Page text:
Obama may attend 2010 opening

The spectacular Soccer City stadium, scene
of the opening of the 2010 Fifa World Cup,
is shaped like a calabash.
(Image: Soccer City)

President Barack Obama, pictured with his
daughters and the family pet, is likely to
attend the 2010 Fifa World Cup.
(Image: The White House)

Fifa president Sepp Blatter talks to the
press in Johannesburg. (Image: Fifa)

Janine Erasmus

US president Barack Obama is expected to be among the dignitaries at the opening ceremony of the 2010 Fifa World Cup.

The world’s most powerful leader received an invitation from Fifa to the grand event, the first to be hosted by a country from the African Confederation of Football, and Fifa president Sepp Blatter is convinced that Obama will attend.

“The president of the United States has been invited … he has accepted our invitation,” said Blatter, speaking at a press conference in Johannesburg during the Confederations Cup.

Blatter added that as a head of state, Obama’s schedule was no doubt extremely busy, but would hopefully allow him to be present at the grand opening of the greatest sporting event ever held on African soil.

The US president is of African descent – his late father was born in Kenya – but has yet to make a visit to the continent in his official capacity.

Obama is said to be a keen sports fan and spent much of his youth in Indonesia playing street football.

The New York Times, with the permission of the White House, recently printed part of a letter from the president to Blatter, in which he expresses his hopes that the 2018 or 2022 World Cup would be held in the US.

Obama stands behind football as a tool for uniting people. “Soccer is truly the world’s sport, and the World Cup promotes camaraderie and friendly competition across the globe,” he said in his letter.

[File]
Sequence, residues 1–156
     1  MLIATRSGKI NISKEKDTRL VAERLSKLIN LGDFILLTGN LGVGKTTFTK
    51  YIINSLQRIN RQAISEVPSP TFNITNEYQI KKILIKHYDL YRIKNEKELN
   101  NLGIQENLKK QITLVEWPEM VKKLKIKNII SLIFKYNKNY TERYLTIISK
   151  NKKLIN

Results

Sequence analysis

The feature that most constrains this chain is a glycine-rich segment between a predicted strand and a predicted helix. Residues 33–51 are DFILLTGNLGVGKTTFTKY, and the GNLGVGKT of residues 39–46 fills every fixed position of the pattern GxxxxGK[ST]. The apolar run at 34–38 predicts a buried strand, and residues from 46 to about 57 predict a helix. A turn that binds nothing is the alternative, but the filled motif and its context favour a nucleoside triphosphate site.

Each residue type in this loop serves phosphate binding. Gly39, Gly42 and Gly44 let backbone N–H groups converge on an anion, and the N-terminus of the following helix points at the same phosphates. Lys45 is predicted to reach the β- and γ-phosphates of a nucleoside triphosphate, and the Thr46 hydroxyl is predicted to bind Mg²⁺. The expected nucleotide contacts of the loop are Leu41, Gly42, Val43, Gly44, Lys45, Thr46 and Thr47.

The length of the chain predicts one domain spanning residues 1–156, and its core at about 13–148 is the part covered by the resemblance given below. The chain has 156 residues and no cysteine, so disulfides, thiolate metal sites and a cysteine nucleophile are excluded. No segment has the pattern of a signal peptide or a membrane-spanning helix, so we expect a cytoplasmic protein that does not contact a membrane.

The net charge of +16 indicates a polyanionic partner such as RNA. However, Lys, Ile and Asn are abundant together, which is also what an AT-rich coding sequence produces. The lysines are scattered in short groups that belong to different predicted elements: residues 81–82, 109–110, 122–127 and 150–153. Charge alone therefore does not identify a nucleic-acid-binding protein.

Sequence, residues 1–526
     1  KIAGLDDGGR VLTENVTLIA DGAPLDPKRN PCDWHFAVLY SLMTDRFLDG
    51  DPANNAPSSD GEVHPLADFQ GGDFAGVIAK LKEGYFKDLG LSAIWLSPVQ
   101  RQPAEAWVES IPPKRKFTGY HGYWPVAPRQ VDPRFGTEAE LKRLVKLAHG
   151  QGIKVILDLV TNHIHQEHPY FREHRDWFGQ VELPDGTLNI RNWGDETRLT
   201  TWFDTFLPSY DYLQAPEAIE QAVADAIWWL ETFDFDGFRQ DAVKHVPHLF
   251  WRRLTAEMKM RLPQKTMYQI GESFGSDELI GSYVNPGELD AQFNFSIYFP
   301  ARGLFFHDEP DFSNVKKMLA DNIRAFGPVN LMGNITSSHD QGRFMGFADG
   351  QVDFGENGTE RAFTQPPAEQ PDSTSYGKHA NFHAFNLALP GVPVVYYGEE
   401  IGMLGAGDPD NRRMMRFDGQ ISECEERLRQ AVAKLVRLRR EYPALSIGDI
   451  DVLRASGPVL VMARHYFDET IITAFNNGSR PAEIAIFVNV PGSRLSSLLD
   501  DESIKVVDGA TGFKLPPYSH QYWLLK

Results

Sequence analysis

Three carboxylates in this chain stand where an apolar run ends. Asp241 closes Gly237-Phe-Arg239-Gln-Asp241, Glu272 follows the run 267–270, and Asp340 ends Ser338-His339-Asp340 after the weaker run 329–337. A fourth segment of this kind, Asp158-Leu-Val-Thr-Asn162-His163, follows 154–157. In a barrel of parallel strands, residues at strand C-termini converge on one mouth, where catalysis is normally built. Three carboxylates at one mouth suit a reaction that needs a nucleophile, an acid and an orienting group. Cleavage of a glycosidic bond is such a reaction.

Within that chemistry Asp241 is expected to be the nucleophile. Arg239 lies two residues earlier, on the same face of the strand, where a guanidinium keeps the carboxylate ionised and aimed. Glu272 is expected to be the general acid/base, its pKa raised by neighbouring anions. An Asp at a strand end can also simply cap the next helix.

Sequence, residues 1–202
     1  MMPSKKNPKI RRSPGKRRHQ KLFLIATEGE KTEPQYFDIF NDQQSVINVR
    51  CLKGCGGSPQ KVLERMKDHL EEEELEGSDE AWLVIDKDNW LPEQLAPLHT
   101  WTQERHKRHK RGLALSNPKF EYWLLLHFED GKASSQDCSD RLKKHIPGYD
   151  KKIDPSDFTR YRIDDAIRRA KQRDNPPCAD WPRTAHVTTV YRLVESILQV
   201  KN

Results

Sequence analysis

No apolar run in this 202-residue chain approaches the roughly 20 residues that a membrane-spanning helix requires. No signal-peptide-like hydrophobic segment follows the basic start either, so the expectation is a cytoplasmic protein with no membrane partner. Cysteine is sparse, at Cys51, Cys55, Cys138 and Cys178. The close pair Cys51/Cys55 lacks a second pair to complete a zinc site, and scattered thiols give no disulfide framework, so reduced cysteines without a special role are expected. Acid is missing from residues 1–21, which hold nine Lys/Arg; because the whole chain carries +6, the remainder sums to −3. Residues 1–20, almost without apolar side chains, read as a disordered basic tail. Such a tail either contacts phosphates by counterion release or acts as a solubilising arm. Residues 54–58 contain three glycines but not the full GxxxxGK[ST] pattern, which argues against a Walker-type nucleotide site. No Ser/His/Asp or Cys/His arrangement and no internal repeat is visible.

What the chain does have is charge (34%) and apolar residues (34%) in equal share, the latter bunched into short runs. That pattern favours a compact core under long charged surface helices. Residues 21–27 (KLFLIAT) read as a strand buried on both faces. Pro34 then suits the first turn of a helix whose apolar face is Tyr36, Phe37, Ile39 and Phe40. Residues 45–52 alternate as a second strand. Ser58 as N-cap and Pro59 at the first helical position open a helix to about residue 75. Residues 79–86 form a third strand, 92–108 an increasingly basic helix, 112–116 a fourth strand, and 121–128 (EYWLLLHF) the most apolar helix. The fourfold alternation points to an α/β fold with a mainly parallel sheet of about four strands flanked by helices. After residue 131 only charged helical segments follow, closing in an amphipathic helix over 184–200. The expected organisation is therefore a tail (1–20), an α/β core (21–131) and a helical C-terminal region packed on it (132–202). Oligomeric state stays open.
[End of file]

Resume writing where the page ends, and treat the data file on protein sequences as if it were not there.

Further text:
The president added that any bid by the US would be about more than just the game itself, but would be the country’s invitation to the world.

Although the White House has not yet issued official confirmation of Obama’s 2010 attendance, presidential spokesman and former goalkeeper Robert Gibbs gave his assurance, in a statement, “that a small group of us have assembled in order to move the president in that direction”.

The utmost confidence in Africa

The World Cup kicks off at Johannesburg’s brand new 100 000-seater Soccer City stadium, one of eight existing stadiums around South Africa to receive a multi-million-dollar upgrade.

Either the South African national team Bafana Bafana or current world champions Italy would thrill the crowds in the opening game.

Right from the start Blatter and football’s world governing body have expressed their utmost confidence in South Africa’s ability to stage such a huge sporting event.

The Confederations Cup, although only halfway through, was already deemed a “major success”, and with the hosts through to the semi-finals there was no doubt that the country would throw its weight behind Bafana Bafana as never before.

“I have been at Fifa for 34 years now,” said Blatter, “and in that time African countries have always bid to host the World Cup: Morocco, Nigeria, Egypt and then South Africa. But they lost every time. Something had to be done and that was why we introduced the rotation system. Without it Africa would never have hosted the World Cup.”

With Fifa’s economic and broadcast partners also rightly showing their confidence in the success of the event, said Blatter, the time has come for Africa to receive its reward for what it has given to the Beautiful Game. The continent has produced some of football’s greatest stars, and Blatter emphasised that he felt it was a moral obligation on Fifa’s part to give the World Cup to Africa.

Blatter also reassured the millions of anxious South African fans that under no circumstances would the vuvuzela be banned from any World Cup stadium. The noisy air horn has blasted itself onto the blacklists of many overseas visitors, but as it is the instrument with which South Africans express their joy, said Blatter, it is here to stay.

“Vuvuzelas make the South Africa game come alive,” he enthused.

In spite of Blatter’s assurance, the future of the vuvuzela at the World Cup remains uncertain, but Fifa is expected to make a final decision by the end of June.

Related items

Useful links